Alexis Jang

The New York Times
Aug. 28, 2018

by Vanessa Barbara
Contributing Opinion Op-ed Writer

SÃO PAULO, Brazil — It takes determination to have a normal childbirth in Brazil, and I’m not talking about just getting through labor.

My country has one of the highest rates of cesarean sections in the world: In 2015, they accounted for 55 percent of all births. (By comparison, that same year, the United States had a C-section rate of 32 percent, while in Sweden, they accounted for just 17.4 percent of births.) Sure, C-sections are necessary and lifesaving in certain situations, like cord prolapses or placental abruptions. But according to the World Health Organization, once C-section rates climb higher than 10 percent, there is no evidence that they help reduce maternal and newborn mortality; on the contrary, the surgery can lead to significant complications, which is why the W.H.O. recommends it only be undertaken when medically necessary.

That’s definitely not the case here. In Brazilian private facilities, C-section rates are even higher than in public hospitals, reaching 84.6 percent. The procedure is more profitable for these institutions, which must think about money, and more convenient for doctors, who don’t have to wait hours for the natural processes of labor to unfold. And so, C-sections are routinely prescribed under an endless number of pretexts, many of them as implausible as: placental allergies, asthma, scoliosis, gingivitis, an excessively hairy baby, a soccer match between Atlético and Cruzeiro, and — most creative of all — the assumption that evolution made the female body incompatible with labor.

Surgery is the rule; vaginal childbirth is the exception.

So when I expressed my desire to let nature take its course ahead of the birth of my daughter two months ago, my ob-gyn told me she would assent “only if everything goes perfectly until the due date.” She didn’t seem to notice that her logic was inverted — natural labor should be the default unless something goes wrong — but perhaps that was to be expected from a physician who, according to insurance records, has an 80 percent C-section rate. When I asked why she hadn’t overseen more vaginal births, she said that nowadays, most of her patients face complications in their pregnancies. Brazil, it seems, is the land of statistical anomalies.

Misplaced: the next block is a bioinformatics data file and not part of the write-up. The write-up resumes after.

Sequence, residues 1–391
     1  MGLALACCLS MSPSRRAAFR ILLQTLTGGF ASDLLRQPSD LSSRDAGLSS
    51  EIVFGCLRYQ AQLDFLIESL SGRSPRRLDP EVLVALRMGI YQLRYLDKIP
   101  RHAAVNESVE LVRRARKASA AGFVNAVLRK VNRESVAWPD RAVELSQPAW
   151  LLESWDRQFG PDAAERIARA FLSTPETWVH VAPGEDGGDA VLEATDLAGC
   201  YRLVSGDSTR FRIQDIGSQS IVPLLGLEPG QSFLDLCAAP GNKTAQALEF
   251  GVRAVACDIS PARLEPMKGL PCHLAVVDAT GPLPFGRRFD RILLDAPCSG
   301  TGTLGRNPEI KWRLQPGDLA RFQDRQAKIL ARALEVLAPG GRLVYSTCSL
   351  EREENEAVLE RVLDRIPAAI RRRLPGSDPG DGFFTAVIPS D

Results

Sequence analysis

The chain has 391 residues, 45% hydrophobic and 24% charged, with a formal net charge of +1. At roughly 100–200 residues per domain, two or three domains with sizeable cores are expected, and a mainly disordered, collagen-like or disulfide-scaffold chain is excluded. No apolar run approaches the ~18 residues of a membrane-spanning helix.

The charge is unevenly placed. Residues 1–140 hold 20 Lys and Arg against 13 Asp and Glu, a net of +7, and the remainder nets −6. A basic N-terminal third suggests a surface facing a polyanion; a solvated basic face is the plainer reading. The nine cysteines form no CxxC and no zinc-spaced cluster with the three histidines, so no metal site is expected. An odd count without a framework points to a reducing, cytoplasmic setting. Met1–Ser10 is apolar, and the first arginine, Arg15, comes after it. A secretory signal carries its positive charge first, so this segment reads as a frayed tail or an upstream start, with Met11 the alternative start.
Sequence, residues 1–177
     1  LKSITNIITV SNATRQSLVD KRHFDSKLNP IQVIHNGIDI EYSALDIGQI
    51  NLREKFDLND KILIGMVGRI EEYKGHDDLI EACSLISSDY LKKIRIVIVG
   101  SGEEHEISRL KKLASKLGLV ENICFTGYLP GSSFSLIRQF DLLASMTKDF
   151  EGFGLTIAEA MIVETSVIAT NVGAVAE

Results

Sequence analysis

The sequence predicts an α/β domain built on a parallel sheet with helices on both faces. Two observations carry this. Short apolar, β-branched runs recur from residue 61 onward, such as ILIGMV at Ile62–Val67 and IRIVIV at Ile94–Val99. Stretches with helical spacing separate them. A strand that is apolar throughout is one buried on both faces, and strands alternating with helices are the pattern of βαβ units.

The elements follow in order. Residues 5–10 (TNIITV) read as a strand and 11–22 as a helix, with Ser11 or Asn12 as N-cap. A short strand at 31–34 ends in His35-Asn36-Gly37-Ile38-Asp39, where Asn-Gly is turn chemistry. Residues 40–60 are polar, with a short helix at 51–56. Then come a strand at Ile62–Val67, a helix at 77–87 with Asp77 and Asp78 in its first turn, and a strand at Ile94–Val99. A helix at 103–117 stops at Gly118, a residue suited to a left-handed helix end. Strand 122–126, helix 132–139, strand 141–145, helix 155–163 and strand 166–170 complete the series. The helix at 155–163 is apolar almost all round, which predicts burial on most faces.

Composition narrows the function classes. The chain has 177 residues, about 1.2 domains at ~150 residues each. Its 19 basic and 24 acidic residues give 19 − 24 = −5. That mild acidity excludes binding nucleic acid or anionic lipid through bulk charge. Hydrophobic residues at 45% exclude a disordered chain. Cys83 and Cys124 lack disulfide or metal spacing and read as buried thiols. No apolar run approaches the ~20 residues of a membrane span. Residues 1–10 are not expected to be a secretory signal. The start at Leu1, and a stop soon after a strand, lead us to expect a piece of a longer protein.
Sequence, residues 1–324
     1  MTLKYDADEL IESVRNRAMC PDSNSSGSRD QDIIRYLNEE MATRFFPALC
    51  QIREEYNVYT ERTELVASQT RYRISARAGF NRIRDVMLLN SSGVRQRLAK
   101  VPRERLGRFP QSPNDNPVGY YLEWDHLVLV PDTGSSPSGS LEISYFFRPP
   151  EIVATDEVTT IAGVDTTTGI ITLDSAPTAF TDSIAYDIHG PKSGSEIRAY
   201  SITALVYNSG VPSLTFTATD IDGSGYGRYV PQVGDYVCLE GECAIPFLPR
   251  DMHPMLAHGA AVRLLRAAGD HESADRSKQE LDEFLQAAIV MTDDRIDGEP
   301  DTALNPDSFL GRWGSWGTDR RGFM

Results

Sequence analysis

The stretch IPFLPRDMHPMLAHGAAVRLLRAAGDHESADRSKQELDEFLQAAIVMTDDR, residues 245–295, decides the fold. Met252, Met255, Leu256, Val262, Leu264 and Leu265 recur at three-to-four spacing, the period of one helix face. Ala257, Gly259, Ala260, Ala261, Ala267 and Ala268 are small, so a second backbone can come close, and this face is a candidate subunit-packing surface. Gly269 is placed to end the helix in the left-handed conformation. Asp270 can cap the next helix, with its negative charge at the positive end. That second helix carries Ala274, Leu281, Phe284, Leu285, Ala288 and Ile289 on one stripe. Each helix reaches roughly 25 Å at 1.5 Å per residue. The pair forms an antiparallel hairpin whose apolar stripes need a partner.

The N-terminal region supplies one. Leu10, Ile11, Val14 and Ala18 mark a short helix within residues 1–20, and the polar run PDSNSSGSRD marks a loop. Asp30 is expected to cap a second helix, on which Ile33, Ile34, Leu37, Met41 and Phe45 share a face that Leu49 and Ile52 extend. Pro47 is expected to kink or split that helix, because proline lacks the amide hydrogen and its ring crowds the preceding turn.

Those of us who want a normal delivery must often resort to small birthing centers with a staff of midwives and nurses, where epidurals are usually not available, or to public hospitals, where, according to a study by the Brazilian think tank Fundação Perseu Abramo, women are more likely to suffer obstetric violence — that is, physical, sexual, and verbal abuse from medical staff during labor. A third option is to hire a whole “birth team” of out-of-network professionals (composed of an obstetrician or midwife, a nurse, a doula, an anesthetist and a neonatologist) who attend to the patient at her home or in a private hospital. But most women cannot afford their fees, which hover around $4,000.

In any case, it’s necessary to prepare beforehand — I, for instance, read the W.H.O.’s “Intrapartum Care for a Positive Childbirth Experience” — and write down a birth plan with one’s choices concerning labor and delivery. Mine contained demands which should be self-evident, such as the ability to move around freely during labor, to choose the delivery position, and to have my husband present in the delivery room, as well as a long list of potentially harmful, but nonetheless routine interventions that I didn’t want, such as pubic shaving, the administration of an evacuation enema, and the artificial rupture of membranes.